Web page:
A much wiser and safer solution to the problem is to place the onus of checking the value of the argument on the squareRoot() function itself. In that way, the function is “protected” from *any* program that uses it. A reasonable approach to take is to check the value of the argument xinside the function and then (optionally) display a message if the argument is negative. The function can then immediately return without performing its calculations. As an indication to the calling routine that the squareRoot() function did not work as expected, a value not normally returned by the function could be returned.^{1}

*1*. *The square root routine in the standard C library is called* *sqrt()* *and it returns a domain error if a negative argument is supplied. The actual value that is returned is implementation-defined. On some systems, if you try to display such a value, it displays as* *nan**, which means not a number.*

The following is a modified squareRoot() function, which tests the value of its argument and which also includes a prototype declaration for the absoluteValue() function as described in the previous section.

/* Function to compute the square root of a number.

If a negative argument is passed, then a message

is displayed and -1.0 is returned. */

float squareRoot (float x)

{

const float epsilon = .00001;

float guess = 1.0;

float absoluteValue (float x);

if ( x < 0 )

{

printf ("Negative argument to squareRoot.\n");

return -1.0;

}

while ( absoluteValue (guess * guess - x) >= epsilon )

guess = ( x / guess + guess ) / 2.0;

return guess;

}

If a negative argument is passed to the preceding function, an appropriate message is displayed, and the value −1.0 is immediately returned to the calling routine. If the argument is not negative, calculation of the square root proceeds as previously described.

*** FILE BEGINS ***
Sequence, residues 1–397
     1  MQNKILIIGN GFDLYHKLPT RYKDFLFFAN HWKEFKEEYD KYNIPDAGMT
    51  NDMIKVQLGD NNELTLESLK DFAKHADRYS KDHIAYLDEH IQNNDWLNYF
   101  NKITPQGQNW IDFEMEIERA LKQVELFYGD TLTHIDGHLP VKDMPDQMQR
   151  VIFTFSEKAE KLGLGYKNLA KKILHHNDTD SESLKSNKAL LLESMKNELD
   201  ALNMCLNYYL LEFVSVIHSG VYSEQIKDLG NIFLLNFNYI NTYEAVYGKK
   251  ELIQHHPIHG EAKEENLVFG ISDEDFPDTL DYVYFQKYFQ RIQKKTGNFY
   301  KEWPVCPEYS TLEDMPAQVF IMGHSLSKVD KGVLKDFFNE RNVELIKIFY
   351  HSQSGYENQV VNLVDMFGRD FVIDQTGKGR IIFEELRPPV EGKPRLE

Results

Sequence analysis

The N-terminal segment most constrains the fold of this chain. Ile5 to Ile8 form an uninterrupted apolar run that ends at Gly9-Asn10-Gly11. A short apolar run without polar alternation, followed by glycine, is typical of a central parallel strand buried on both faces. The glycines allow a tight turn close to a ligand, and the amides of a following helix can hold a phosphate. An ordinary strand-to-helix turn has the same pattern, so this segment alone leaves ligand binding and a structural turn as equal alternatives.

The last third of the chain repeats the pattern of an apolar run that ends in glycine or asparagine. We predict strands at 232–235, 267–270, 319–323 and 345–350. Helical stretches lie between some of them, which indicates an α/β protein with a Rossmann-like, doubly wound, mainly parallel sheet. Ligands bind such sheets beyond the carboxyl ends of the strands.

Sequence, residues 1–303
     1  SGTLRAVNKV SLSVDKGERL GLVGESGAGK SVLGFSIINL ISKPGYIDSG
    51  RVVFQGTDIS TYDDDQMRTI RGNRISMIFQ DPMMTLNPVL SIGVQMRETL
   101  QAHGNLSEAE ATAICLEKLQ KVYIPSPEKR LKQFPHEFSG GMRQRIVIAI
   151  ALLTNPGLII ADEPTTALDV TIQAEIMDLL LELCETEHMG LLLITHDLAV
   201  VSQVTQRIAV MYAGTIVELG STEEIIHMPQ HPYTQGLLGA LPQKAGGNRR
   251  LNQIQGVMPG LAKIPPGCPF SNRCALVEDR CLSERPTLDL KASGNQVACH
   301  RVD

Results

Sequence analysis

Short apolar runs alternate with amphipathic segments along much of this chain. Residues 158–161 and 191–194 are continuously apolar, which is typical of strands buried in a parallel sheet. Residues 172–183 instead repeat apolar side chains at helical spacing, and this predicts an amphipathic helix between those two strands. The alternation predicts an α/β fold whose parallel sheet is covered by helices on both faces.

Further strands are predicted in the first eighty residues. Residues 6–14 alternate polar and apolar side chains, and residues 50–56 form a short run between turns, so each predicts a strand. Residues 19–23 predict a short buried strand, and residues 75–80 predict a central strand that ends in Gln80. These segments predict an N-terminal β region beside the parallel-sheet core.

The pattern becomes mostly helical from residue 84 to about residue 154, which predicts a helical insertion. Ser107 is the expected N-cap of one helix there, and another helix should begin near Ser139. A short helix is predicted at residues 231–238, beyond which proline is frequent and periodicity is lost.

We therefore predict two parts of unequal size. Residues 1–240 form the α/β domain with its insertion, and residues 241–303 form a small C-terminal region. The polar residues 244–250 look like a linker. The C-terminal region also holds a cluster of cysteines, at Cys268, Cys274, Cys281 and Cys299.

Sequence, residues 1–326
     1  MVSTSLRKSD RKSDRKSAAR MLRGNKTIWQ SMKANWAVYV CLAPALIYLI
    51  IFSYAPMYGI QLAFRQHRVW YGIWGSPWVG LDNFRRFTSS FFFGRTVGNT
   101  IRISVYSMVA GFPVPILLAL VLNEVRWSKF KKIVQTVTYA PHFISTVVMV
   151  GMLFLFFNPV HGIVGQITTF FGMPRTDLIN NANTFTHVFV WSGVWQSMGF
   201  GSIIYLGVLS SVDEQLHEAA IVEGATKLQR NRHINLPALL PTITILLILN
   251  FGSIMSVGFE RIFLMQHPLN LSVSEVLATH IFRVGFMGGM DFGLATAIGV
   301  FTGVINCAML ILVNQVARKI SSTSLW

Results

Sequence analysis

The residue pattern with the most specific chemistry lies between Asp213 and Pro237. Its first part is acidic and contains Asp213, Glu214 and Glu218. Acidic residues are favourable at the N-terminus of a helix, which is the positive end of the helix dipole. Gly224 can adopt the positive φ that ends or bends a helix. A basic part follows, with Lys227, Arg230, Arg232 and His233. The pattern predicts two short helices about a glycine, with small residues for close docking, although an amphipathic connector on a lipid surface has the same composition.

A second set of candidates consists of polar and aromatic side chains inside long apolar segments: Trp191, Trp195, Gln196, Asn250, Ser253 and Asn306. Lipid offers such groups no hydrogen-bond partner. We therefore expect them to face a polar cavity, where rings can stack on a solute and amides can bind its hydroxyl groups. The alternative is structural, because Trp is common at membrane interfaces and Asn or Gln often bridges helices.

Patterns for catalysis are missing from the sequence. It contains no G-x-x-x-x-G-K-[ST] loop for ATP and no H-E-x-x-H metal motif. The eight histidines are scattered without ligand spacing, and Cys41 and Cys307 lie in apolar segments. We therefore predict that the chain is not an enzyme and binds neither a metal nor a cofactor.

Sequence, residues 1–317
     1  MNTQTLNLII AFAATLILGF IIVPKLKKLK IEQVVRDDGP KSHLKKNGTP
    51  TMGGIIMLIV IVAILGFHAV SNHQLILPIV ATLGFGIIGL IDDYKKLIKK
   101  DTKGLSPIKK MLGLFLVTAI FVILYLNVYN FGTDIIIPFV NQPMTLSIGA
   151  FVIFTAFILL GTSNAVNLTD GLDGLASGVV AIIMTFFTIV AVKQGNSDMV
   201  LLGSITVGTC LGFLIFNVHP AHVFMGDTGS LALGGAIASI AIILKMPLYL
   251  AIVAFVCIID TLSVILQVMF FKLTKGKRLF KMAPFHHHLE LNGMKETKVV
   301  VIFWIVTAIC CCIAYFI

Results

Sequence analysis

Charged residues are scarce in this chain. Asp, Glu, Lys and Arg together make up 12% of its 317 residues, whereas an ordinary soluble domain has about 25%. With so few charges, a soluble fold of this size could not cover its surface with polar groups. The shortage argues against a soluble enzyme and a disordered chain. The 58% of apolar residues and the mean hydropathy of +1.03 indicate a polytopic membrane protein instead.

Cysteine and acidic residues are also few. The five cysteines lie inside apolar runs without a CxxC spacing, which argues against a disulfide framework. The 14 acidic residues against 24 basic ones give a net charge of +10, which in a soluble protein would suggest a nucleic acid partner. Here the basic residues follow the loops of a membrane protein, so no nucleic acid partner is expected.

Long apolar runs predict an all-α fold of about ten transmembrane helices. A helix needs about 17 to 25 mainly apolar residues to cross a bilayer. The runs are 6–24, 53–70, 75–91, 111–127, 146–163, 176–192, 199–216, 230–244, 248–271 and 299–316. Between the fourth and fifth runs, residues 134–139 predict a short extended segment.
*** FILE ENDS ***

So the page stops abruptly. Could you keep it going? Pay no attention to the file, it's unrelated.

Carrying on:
As you can see from the modified squareRoot() function (and as you also saw in the last example from *Chapter 6*, “*Working with Arrays*”), you can have more than one return statement in a function. Whenever a return is executed, control is immediately sent back to the calling function; any program statements in the function that appear after the return are not executed. This fact also makes the return statement ideal for use by a function that does not return a value. In such a case, as noted earlier in this chapter, the return statement takes the simpler form

return;

because no value is to be returned. Obviously, if the function *is* supposed to return a value, this form cannot be used to return from the function.

**Top-Down Programming**

The notion of functions that call functions that in turn call functions, and so on, forms the basis for producing good, structured programs. In the main() routine of *Program 7.8*, the squareRoot() function is called several times. All the details concerned with the actual calculation of the square root are contained within the squareRoot() function itself, and not within main(). Thus, you can write a call to this function before you even write the instructions of the function itself, as long as you specify the arguments that the function takes and the value that it returns.